There exists many good articles for CORS in general such as this one but this article will focus on CORS together with images used on a canvas element.
What is CORS?
When do CORS kick in?
The CORS restrictions kicks in when a page request data from an origin not equal to its own origin.
The definition of origin is schema (or protocol) ie.
https, domain and port number.
For two origins to be the same these three needs to match. If not the browser will consider the two to be of different origins and then apply restrictions due to security and the default same-origin policy.
You will also experience a security error when you try to load an image from the local file protocol (
file://) even if some browsers such as Chrome allow you to override this by using command line argument with it.
Restrictions with images on canvas
When we want to load and draw an image onto the canvas we can do so with no particular restriction or problem if we are just displaying the image.
The restriction however kicks in when we want to extract any pixels from the canvas using either the
canvas.toDataURL() methods for the 2D context. The browser throws an error in console saying
SECURITY_ERR or a message such as this:
Failed to execute 'getImageData' on 'CanvasRenderingContext2D': The canvas has been tainted by cross-origin data.
So, why are there restrictions?
Most people encountering this sees these restrictions as a problem when we just want to build our Photoshop clone or image cropper. Understandable enough.
At the same time, most of us can see the general risk if requesting data from a different domain were allowed without any sort of mechanism for protection. We wouldn’t be too thrilled finding out that we entered our password into a form that appeared to be from the actual bank site but actually typed it into an AJAX injected form coming from a malicious site.
But it may be a little harder to understand what security risks are involved in this case when we can already draw the image, flip it, mix it with shapes and what have you, but we can’t extract it as an image.
And this does not only apply to the 2D canvas context. There is also a theoretical risk involved with WebGL 3D textures as a hacker could use advanced techniques to determine what the user were doing (what application was used and so forth) if he was able to read the pixel data from a texture.
How can we avoid security errors?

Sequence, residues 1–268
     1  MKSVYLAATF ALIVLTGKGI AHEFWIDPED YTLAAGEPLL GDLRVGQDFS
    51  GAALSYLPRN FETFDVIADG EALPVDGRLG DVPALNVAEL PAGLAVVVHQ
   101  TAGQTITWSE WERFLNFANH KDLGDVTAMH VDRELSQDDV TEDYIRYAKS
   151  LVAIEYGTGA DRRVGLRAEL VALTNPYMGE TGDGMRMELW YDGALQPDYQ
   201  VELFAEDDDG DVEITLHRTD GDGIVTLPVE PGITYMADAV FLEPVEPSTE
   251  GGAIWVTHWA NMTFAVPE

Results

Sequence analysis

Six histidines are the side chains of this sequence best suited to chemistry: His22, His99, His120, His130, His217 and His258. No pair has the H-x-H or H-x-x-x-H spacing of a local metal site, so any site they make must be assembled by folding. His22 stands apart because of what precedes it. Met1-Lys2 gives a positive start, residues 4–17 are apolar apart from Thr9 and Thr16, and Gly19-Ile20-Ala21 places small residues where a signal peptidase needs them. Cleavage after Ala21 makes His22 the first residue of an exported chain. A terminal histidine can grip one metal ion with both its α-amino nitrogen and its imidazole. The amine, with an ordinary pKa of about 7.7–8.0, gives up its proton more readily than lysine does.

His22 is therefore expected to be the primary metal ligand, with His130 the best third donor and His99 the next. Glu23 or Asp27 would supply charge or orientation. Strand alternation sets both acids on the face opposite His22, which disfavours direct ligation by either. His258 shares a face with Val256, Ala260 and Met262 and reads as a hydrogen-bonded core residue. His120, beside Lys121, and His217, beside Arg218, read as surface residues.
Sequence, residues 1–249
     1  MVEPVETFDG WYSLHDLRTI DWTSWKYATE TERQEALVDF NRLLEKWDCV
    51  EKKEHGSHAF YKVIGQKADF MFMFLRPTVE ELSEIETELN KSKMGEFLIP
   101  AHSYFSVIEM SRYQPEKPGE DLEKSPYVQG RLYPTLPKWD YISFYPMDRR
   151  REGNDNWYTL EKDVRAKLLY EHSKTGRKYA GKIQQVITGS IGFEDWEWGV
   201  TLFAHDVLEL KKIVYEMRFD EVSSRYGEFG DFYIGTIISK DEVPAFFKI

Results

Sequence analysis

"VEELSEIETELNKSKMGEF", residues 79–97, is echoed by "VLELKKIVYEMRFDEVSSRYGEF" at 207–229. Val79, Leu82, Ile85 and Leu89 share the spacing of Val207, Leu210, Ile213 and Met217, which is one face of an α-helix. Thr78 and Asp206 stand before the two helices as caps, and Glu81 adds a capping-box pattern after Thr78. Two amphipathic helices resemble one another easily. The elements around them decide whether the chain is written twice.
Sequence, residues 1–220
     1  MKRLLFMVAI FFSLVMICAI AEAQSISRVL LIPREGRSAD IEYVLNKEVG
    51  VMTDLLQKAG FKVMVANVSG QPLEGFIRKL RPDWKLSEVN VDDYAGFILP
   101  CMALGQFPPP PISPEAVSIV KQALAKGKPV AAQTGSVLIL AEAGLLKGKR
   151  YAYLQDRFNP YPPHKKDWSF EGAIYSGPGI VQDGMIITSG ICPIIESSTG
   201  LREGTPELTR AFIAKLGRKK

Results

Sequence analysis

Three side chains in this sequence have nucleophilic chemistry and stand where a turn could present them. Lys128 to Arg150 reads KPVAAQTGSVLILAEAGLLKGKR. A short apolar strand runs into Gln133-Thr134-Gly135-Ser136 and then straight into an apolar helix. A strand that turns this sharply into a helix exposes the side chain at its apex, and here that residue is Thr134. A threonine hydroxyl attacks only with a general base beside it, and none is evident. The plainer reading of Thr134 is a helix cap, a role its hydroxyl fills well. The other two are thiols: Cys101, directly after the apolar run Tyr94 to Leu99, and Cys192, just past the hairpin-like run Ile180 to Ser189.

When we have the purest intentions with our applications we would like to avoid running into this scenario and there are a few things we can do to make our applications run without any problems:
- The obvious one is to host all the resources yourselves. This works well will small sites, but when your site grows you may want to use a CDN for your images and then CORS could strike once more as these are typically external.
- If you control the servers yourselves or have access to modify it, you can add for example an
Access-Control-Allow-Originheader. For more information on headers in particular see this link.
- If your images are hosted on an external server that allows CORS use you can simply request such usage by providing a
crossOriginproperty on the image (see below).
- If you test in a local environment don’t use the file:// protocol but install a light-weight browser such as Mongoose and use the localhost (127.0.0.1) domain instead.
- There is also the option of using your own server (same as your page) as an image proxy to load the external resource on server side and forward it through a page request on your server (however, in most cases you could might as well just host the image directly if bandwidth is the main concern).
If we host all the images ourselves on the same server as the page is loaded from, there is no need to do anything in particular.
If we however use a different origin to load the images from we need to do a simple extra step:
We can request the images from this origin to be allowed for CORS usage (the effect here for canvas is that we can extract its pixels, the images can be displayed in either case). The only thing we need to do to request such usage is to provide a CORS “use level” before we set the
var img = new Image; img.onload = handleLoad; img.crossOrigin = 'anonymous'; /// optionally 'use-credentials' img.src = 'externalUrlToImage';
We could also set an empty string if we want to use
anonymous (any invalid value will revert to
anonymous - I won’t cover the
use-credential as it is a bit more extensive but the most common level is the
In HTML we simply do:
<img src="..." crossOrigin="anonymous" />
or simply leave it as a key without any value as most will probably use this with document type HTML5 and not XHTML.
Now, that being said it is still up to the server to actually allow the resource being loaded this way (see the bullet above with access header) provided that the user client has implemented CORS support (which all of the major browsers do).
The sever can accept it or reject it and the user client will comply. In the latter case where the server do not allow such use an error will happen and nothing is loaded so the key here is to know in advantage if the server will allow this use or not.
As we can see the CORS is a good thing and necessary as there are as usual a few bad guys out there willing to ruin things for us all.
We can also see that the way around this is fairly straight-forward: host the resources on the same server or use a server that allow cross-origin usage and request such use.
I hope in any case that how CORS relates to Canvas is a bit more clear. Feel free to use the comment field below for any questions or comments.